After a Vanity Fair article described Tinder as the harbinger of the "dating apocalypse," the makers of the app went on an extended Twitter rant and made some outlandish claims. 

The author of the article, Nancy Jo Sales, interviewed users of Tinder, the app that invites people to "swipe left" if a prospective date doesn't catch their fancy and to "swipe right" if they are interested in a match. 

"'Tinder sucks,' they say. But they don't stop swiping," the article reads

The diatribe on the official @Tinder account went on for nearly four hours and nearly 40 tweets. The account called the article, which was published online last week, "disappointing," "one-sided," and "biased." 

The criticism began with a bit of sarcasm at Vanity Fair's expense. 

It was when Tinder suggested that Sales should have contacted them first, rather than interview the app's users, that she responded.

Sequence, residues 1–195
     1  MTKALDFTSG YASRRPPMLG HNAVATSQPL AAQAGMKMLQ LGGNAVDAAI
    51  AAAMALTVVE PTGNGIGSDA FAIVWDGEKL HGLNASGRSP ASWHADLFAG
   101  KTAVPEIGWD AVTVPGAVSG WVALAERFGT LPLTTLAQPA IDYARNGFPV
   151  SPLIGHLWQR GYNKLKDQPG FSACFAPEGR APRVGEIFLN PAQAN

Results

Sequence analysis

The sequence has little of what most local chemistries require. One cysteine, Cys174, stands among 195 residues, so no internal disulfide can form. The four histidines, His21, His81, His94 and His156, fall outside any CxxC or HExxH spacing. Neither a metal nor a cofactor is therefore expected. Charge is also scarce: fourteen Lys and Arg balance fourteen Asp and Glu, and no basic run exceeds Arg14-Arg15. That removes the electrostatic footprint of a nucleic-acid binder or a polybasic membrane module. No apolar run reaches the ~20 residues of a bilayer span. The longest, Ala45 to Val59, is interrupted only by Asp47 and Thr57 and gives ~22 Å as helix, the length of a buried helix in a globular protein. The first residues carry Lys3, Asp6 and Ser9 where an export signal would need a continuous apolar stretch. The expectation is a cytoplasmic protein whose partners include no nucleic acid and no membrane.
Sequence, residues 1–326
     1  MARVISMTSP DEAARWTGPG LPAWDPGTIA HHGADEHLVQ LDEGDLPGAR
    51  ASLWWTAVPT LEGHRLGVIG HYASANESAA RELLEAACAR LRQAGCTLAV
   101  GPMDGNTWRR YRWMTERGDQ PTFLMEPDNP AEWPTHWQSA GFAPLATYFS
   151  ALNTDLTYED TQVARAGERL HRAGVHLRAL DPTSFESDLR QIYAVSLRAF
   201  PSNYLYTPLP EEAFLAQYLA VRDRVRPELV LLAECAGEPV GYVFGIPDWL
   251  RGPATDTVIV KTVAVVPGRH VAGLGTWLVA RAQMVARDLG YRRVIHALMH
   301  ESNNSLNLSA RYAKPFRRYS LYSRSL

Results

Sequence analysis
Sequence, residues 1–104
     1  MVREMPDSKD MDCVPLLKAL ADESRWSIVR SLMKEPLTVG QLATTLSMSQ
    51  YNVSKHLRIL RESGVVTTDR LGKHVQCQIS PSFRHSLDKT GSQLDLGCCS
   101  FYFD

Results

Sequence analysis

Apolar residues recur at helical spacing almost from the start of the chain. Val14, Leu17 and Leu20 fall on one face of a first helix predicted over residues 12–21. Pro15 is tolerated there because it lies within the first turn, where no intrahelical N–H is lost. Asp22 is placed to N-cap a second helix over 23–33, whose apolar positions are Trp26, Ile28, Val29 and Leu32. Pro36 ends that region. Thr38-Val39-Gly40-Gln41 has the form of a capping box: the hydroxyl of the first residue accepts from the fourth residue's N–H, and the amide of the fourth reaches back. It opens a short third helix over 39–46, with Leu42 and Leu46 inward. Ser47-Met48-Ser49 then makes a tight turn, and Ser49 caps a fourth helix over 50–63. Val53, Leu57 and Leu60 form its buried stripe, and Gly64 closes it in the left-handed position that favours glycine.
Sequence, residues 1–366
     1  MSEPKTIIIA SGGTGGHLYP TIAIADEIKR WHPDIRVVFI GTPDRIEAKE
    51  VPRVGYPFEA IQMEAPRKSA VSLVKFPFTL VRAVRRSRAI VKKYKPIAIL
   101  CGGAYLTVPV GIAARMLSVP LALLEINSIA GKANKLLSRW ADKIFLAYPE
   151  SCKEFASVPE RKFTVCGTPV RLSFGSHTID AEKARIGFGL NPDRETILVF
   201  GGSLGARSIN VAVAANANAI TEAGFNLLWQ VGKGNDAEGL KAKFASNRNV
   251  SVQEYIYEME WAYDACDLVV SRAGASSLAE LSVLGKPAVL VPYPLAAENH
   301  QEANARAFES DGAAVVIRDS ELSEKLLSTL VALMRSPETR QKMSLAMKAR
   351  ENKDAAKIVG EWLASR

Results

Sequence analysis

Tinder's rant continued with the company referring to its users as the "Tinder Generation," the "vast majority" of whom are using the app for "meaningful connections." 

That claim about users of Tinder in North Korea, where most people don't have internet access — let alone smartphones — was the source of much of the mockery the company subsequently received on Twitter. 

Sales herself indulged. 

A company that runs regular trips to North Korea quipped that it hadn't yet tried using Tinder within the country's borders. 

Meanwhile, many observers pointed to Tinder's Twitter rant as a cautionary example of how not to engage in public relations on social media. 

A few people suggested that they wouldn't have even known about Sales's article if it hadn't been for Tinder's tirade. 

It may be easy to think of the Tinder rant as another corporate Twitter fail and move on, but a tweet from a BuzzFeed reporter suggests that the tweet blast was actually pre-planned.